VNA Answer Nurse

Being a caregiver is a very challenging job in every way: mentally, emotionally and physically. And during the holidays, it may become even more challenging. Below are frequently asked questions and answers on this topic.

Q: Caring for my elderly parents falls on me and another sibling, leaving our two other siblings doing nothing—they always have “more important” things to do. My one sister and I have accepted this, except around the holidays; we could really use the extra help then. Any suggestions?

A: Dealing with family, particularly around the holidays, can be stressful. And when you add in caring for your parents, it’s quadruple that. A good place to start would be to set up a meeting, in-person or zoom. Be sure to have a set of talking points and be clear on what your main objective is; do you want help for one day? One week? One month? And also provide a visual timeline that clearly shows all the time you and your other sibling have been caring for your parents. In a sense, you should approach it almost like you would a business meeting, because that will help minimize charged emotions. And, if that meeting does not go well, consider inviting a mental health counselor qualified in family dynamics to participate in a follow-up meeting as a mediator.

Q: My wife’s a caregiver and during the holidays, a time when she used to be extra happy, she’s gotten less and less so due to the stress of her job. Is there anything I can suggest for her to do to lessen the stress?

A: Caregiver burnout is a real thing. Below are some tips to help prevent this from happening (paste in on the fridge so your wife can read it every day).


  1. Practice self-love – and keep it simple: ‘Practice self-love’ may sound corny, but it’s imperative to take care of your physical and mental health. You’re not only helping yourself but improving the quality of care for those who depend on you. So, make sure you take time for you. This could mean doing things as simple as setting aside enough time to savor your cup of coffee in the morning and carving out time to take a daily walk outside, enjoying nature and making your body smile.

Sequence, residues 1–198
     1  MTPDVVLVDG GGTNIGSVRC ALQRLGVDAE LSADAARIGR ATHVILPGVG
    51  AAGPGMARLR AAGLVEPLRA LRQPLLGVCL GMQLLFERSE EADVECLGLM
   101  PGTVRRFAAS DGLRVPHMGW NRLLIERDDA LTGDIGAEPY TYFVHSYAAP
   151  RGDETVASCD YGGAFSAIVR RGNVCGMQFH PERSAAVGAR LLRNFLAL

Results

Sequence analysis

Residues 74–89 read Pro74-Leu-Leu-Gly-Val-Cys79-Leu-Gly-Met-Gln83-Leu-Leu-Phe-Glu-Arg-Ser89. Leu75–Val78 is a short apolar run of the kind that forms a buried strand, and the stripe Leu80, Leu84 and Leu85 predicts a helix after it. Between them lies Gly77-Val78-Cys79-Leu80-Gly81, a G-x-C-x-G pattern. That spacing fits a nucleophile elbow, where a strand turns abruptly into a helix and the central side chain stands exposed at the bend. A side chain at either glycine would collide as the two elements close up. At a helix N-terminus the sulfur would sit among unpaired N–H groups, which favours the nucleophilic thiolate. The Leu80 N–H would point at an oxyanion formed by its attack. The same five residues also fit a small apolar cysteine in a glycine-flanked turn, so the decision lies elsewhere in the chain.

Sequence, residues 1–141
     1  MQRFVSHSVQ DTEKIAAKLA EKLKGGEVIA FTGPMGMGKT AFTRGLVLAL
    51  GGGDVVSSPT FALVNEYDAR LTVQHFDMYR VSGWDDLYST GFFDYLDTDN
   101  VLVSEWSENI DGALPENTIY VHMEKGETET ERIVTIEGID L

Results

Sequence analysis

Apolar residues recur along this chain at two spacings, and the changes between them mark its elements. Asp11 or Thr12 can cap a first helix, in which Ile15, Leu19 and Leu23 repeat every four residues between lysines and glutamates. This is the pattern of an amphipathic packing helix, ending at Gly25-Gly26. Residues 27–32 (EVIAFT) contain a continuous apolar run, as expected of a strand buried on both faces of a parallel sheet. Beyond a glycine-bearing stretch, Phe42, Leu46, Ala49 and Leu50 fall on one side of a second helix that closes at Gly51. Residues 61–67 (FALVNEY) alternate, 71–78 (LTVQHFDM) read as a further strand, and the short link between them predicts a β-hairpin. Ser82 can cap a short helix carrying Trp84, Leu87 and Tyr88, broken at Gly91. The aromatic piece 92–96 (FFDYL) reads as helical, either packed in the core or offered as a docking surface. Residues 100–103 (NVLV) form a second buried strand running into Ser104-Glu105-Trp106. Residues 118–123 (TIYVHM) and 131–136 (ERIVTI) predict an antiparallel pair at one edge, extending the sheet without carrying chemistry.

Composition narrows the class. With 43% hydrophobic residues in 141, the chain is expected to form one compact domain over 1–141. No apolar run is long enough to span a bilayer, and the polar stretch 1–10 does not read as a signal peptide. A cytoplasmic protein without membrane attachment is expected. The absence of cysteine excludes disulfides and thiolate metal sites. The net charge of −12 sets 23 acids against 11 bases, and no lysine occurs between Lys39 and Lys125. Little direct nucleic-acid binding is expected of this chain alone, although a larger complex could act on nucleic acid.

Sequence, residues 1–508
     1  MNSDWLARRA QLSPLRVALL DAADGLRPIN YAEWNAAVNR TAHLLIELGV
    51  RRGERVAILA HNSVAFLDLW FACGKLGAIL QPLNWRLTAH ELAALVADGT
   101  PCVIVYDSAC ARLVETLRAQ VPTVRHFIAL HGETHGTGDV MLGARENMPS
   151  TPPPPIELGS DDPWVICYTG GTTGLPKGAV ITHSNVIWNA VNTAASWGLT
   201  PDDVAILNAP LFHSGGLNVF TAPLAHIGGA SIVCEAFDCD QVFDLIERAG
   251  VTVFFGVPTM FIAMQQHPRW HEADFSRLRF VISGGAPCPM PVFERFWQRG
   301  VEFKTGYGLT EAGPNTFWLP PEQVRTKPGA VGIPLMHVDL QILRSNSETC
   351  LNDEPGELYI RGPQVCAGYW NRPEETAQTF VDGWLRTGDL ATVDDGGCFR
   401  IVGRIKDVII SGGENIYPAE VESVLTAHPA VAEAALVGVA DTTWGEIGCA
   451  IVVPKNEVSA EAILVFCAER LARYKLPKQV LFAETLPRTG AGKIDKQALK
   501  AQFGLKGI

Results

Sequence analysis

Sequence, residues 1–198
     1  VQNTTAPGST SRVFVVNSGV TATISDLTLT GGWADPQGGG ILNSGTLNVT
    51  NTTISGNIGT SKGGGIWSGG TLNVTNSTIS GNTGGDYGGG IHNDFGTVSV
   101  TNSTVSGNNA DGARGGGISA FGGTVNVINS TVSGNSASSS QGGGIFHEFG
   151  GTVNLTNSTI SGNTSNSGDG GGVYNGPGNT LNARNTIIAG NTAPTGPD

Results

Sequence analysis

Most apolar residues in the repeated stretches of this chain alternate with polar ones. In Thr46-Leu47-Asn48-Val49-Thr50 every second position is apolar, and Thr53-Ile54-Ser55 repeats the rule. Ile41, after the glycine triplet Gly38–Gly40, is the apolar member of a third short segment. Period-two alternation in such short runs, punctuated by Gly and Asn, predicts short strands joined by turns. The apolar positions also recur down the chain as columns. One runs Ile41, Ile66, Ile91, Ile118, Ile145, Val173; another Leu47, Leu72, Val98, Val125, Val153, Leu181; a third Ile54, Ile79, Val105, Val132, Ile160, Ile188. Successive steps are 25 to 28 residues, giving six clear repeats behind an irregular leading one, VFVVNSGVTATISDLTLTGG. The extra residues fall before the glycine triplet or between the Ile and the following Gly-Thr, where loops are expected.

2. Start a new tradition: Sometimes our old traditions just don’t fit our current lives. Give yourself permission to create new traditions. For example, if you’re extra sleep deprived this holiday season, instead of hosting your annual Christmas party, ask everyone to meet out somewhere, maybe a favorite restaurant for a casual get-together.
  3. You can ask for help: It’s okay to ask others for help when you’re feeling wiped out. As a caregiver, it can be difficult to do, but remember the way you can perform your job optimally is by feeling your best.
  4. Stay positive: Practice positive affirmations. You can create your own or Google ‘positive affirmations” and a gazillion websites will pop up. Practicing these a few times a day, beginning in the morning, can make a small, but significant difference in feeling more upbeat.
  5. Practice self-care: Now is a good time to splurge a little – on yourself. Get a massage or pedicure or whatever it is that feels like a treat to you.
  6. Connect with caregivers: Connecting with fellow caregivers is extremely important and therapeutic. They’ll be able to identify and empathize with any travails you’re having at work and emotions you carry over from work.

Q: As a caregiver, I’ve found that around the holidays many of my patients start to become more stressed and start asking a lot of questions about services I don’t have the answers for. Do you know of any reputable resources geared toward elder care?

A: The Florida Department of Elder Affairs operates numerous community-based services that focus on the well-being, safety and independence of Florida’s seniors. Information on these services, including the Adult Care Food Program, Community Care for the Elderly, the Senior Companion Program and more can be accessed via the Elder Helpline. You can reach them by calling (800-963-5337) or visit

This information is for educational purposes. Please consult your physician for any medical issues. The Visiting Nurse Association (VNA) is committed to bringing trusted and quality home care to Brevard County patients. For more information about VNA services, call 321-752-7550 or visit